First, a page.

05 October 2005

The Conservatives and the electoral system.

This is my open and honest response to this excellent article on Labour bias in the electoral system by Paul Davies at Make Votes Count (MVC).

I am a Labour supporter, so it might surprise you that I found this article very depressing reading from a Labour party point of view. I passionately believe it is in Labour's interests to change to a more proportional system and I also think the Tories reluctance to embrace change is because they see the long term advantage the current first-past-the-post (FPTP) electoral system gives them. I will explain why;

A lot of the points in Paul's article confirms what I have been arguing with FPTPers for some time.

The depressed vote in deprived urban areas is caused by a realisation by the voters of the 'reduced value' of their vote in a safe seat but also because the parties can afford to ignore these voters when making policy, precisely because their vote is of less value.

This is most damaging to the Labour party in the long term because these voters are more likely to be left of centre Labour supporting voters.

The longer the FPTP system continues, the more the Labour party will be forced to ignore these voters in favour of the 'special' more middle class voters in marginals and the more right wing Labour's policies become as a result, the more turnout will drop in urban areas.

The longer this spiral of decline continues, the more difficult it will be for parties to win back these voters, and the more this country will become like the US.

As these 'lost' voters were more likely to be left wing and support Labour, it is the Labour party who will be damaged the most in the long term, especially when the Tories enlarge and manipulate the boundaries (see below).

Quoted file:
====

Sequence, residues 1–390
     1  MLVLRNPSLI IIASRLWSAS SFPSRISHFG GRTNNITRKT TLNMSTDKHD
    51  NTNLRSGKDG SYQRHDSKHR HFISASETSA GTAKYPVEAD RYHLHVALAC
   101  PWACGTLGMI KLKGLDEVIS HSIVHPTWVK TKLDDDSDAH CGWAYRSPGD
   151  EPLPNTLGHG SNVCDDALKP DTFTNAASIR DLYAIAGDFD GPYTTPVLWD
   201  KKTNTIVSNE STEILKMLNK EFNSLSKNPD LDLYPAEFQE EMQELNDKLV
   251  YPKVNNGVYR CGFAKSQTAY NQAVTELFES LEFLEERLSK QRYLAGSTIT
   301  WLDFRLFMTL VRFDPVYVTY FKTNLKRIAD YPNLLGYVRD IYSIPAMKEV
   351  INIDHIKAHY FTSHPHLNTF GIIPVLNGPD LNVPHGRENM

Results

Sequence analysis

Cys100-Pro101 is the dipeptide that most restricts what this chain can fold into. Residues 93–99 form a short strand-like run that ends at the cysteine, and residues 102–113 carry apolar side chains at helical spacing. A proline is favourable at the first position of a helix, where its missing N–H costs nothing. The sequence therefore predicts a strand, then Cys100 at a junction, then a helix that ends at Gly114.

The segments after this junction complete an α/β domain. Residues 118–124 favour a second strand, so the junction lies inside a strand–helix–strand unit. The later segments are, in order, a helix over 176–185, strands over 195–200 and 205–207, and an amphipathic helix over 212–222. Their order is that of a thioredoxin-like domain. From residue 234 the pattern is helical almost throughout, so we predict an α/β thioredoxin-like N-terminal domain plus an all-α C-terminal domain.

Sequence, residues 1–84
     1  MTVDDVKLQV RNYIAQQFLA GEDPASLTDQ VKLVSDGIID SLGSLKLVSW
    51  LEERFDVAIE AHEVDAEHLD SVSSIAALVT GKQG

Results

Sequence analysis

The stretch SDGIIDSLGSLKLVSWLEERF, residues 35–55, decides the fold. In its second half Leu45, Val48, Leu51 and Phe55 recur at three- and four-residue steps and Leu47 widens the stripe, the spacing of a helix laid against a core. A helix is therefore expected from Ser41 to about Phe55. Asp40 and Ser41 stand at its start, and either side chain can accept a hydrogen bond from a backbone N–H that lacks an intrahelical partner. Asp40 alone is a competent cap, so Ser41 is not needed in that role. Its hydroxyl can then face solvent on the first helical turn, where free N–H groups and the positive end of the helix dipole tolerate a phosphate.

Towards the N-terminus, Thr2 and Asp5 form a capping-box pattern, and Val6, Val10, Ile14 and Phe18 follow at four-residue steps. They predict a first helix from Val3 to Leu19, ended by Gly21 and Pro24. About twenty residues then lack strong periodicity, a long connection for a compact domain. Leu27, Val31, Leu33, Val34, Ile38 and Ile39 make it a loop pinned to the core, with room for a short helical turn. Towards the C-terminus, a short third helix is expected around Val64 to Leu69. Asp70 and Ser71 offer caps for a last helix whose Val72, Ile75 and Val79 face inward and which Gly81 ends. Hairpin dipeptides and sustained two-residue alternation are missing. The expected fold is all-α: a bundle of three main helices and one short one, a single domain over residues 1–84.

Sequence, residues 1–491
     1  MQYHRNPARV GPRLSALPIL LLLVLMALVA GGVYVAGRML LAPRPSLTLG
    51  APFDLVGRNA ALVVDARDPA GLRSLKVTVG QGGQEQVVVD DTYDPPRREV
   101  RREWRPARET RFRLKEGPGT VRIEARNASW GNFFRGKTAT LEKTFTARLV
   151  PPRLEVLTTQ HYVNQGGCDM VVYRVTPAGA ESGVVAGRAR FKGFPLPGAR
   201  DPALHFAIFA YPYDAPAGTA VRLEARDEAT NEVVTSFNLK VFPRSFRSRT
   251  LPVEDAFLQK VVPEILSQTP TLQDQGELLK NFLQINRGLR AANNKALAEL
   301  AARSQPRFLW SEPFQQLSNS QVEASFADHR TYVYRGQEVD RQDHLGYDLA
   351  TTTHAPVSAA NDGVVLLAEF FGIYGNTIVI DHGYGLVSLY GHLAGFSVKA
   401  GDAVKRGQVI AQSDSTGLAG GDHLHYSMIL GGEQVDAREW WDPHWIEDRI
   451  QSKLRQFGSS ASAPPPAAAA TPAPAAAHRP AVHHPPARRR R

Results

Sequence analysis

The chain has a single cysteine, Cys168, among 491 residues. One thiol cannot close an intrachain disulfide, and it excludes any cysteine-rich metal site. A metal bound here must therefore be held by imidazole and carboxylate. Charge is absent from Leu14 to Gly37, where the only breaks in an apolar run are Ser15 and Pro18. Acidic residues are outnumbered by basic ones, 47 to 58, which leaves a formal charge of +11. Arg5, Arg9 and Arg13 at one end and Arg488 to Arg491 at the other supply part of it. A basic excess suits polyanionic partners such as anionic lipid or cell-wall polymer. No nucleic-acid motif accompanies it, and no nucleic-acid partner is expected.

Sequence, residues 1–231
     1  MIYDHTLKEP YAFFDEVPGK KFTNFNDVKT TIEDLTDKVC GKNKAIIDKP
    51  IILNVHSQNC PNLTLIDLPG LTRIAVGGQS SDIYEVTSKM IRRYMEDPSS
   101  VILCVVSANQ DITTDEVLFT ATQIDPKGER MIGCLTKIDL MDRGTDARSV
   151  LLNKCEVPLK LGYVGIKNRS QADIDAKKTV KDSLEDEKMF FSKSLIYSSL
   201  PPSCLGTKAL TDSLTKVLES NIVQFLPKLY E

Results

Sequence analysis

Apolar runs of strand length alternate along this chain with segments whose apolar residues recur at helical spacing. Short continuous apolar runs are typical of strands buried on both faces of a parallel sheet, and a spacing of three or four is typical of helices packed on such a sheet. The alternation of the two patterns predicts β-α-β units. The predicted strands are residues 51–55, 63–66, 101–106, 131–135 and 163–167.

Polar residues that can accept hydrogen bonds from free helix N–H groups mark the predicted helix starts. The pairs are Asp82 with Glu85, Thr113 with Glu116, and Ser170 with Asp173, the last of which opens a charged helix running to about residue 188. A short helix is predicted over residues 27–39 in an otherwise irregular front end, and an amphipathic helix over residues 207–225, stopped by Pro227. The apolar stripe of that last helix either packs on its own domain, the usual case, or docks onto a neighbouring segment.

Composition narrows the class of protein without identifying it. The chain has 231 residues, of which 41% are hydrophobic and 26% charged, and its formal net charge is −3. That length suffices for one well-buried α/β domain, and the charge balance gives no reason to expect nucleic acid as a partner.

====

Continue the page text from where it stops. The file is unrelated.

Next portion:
Although the present system's bias 'may' be enough to help Labour win the next election, I am thinking more ahead than 8 years to what will become once again a right wing Tory hegemony under FPTP. Like death and taxes, it is not a case of 'if' the Tories win again but 'when'.

Paul, you say it is 'impossible' to change the boundaries in the Tory favour, but this is where I disagree. It 'may' be virtually impossible with boundaries at their present size, but not if you increase their size and also take away the onus on the boundary commission to respect natural boundary considerations in making their decision. Look at how gerrymandering has been made into an art form in the US, where no restrictions are made on boundary shape or size.

This could easily be made into a vote winning move by the Tories. With the help of the Tory supporting majority of the media, they could get 'sympathy' votes by playing up the unfairness of the boundaries of the present system and also get votes for promising to reduce the number of MPs, always bound to be popular with the electorate.

Paul, the reason you are 'smashing your head up a brick wall' with the Tories, is not because they don't realise the bias in the system but because they know the lower turnout in urban areas will favour them in the long term.

The Tories are a lost cause as far as electoral reform is concerned. There may be a few who accept the 'moral' argument that it is good for democracy but most are looking for 'party political advantage' arguments not 'moral' arguments. This is why not a single Tory MP supports PR.

The Labour party however is a different matter. Already over 100 Labour MPs support PR and they are the party in power who can make the change. Pressure on them to honour their referendum pledge and persuade them to see how PR benefits Labour in the long term, is where MVC should be concentrating all its efforts.

There are far more Labour supporting votes to be made count under PR with an increase in turnout than there are Tory votes. This is the biggest single fact that is going to get this government to change to PR and we must make this point relentlessly.

If we don't, not only is the Labour Party heading for an even more right wing future, the country is heading for the travesty of democracy they have in the US, we can't let that happen. Labour have to change the electoral system now from a position of strength not waste another generation or more on Tory extremist government in the inevitable future under FPTP.